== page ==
The infrastructure bank is not a commercial bank and can establish a joint powers authority to provide a pool of funding for financing port or harbor infrastructure, according to the statement.

The CMIA, composed of port authorities, among related entities, can issue debt, establish and administer infrastructure funds, receive or administer public and private grants and expend tax revenues, appropriated funds and other financing on behalf of its member districts, the statement said.

For the story source:

South Korea's port security heightened after death of Kim Jong-Il

South Korea's government announced it has tightened its airport and seaport security a day after it was reported that North Korea's controversial dictator Kim Jong-Il had passed away.

The Korea Customs Service has ordered its enforcement agencies to "thoroughly examine goods coming in from countries with a large terrorist presence including socialist nations and countries whose nationals have been caught for attempting to bring in terrorism-related items."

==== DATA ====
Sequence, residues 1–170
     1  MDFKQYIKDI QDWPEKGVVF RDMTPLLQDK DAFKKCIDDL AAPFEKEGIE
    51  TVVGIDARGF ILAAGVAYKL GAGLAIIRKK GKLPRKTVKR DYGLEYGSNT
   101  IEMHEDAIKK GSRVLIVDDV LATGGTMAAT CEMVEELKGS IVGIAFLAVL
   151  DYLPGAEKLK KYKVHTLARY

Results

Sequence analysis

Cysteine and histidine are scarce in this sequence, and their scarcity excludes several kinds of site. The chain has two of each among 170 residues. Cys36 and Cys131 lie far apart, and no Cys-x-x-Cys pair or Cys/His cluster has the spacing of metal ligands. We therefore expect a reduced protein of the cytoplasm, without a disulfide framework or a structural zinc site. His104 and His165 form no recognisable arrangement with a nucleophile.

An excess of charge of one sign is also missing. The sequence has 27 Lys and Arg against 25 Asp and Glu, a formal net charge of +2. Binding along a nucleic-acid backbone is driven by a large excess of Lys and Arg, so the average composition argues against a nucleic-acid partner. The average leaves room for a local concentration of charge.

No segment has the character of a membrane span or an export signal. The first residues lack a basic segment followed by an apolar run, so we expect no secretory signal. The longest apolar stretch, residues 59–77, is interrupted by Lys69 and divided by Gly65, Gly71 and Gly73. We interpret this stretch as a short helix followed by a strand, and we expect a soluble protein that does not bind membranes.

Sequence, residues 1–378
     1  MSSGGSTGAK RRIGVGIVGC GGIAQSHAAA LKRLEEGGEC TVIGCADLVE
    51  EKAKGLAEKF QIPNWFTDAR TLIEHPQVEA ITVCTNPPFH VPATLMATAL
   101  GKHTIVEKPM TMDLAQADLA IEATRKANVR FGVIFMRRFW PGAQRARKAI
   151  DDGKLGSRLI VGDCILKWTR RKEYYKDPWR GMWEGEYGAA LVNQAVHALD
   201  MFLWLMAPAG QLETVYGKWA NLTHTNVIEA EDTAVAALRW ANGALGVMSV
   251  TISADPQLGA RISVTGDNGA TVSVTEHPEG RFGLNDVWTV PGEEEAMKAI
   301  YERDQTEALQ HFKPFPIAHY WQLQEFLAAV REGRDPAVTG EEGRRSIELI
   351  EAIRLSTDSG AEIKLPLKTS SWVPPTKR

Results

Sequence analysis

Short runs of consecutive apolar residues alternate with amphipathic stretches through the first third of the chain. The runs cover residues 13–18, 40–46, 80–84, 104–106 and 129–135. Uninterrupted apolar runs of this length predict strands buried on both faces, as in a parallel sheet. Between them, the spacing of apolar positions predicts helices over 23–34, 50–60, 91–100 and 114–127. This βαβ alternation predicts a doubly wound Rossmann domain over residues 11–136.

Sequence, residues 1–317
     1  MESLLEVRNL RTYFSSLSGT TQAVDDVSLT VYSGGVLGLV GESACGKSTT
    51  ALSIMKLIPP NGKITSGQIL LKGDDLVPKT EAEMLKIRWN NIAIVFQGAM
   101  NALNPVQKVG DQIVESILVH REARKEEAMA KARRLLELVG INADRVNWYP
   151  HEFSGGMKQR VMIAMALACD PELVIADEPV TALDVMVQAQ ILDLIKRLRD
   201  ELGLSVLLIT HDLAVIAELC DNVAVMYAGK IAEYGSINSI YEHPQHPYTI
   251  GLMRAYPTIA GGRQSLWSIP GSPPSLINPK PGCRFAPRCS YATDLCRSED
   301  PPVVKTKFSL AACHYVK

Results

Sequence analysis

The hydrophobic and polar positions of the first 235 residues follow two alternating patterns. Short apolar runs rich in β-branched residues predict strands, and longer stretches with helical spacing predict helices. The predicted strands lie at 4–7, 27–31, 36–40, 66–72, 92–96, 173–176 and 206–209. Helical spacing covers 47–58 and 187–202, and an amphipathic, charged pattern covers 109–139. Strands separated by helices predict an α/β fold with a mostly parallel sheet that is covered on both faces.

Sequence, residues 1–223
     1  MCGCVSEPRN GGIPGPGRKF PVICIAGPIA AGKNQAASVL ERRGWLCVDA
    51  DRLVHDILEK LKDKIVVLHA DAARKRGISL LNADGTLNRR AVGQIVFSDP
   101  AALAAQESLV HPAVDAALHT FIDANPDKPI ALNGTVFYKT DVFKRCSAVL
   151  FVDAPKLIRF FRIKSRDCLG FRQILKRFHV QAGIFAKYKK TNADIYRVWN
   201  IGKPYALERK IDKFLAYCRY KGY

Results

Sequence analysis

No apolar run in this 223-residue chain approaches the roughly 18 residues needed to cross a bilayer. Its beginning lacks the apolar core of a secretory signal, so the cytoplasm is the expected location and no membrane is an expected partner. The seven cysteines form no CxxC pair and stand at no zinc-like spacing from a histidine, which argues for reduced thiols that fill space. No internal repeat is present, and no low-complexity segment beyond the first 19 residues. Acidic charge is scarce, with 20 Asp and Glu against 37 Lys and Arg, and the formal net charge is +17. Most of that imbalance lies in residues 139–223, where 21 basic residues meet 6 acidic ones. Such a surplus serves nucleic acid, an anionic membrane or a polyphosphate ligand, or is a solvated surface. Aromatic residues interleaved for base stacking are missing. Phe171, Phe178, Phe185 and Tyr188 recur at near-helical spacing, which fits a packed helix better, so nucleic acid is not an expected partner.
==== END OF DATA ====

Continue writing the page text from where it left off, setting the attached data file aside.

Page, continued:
The KCS initially launched an emergency operation system after North Korea lobbed shells on Yeonpyeong Island in November of 2010.

"The emergency operation system and the bolstered inspection in airports and seaports will be maintained until it is deemed that there is no more danger," a KCS official said in a Korean Herald report.

Customs official staffing will reportedly be doubled for X-ray inspection of express cargo and mail packages, the Herald reported.

Seaports are going to reportedly bolster naval patrol and vessel searches.

Airline passenger travel to South Korea is reportedly expected to drop amid uncertainty over how the change in North Korea's leadership will play out.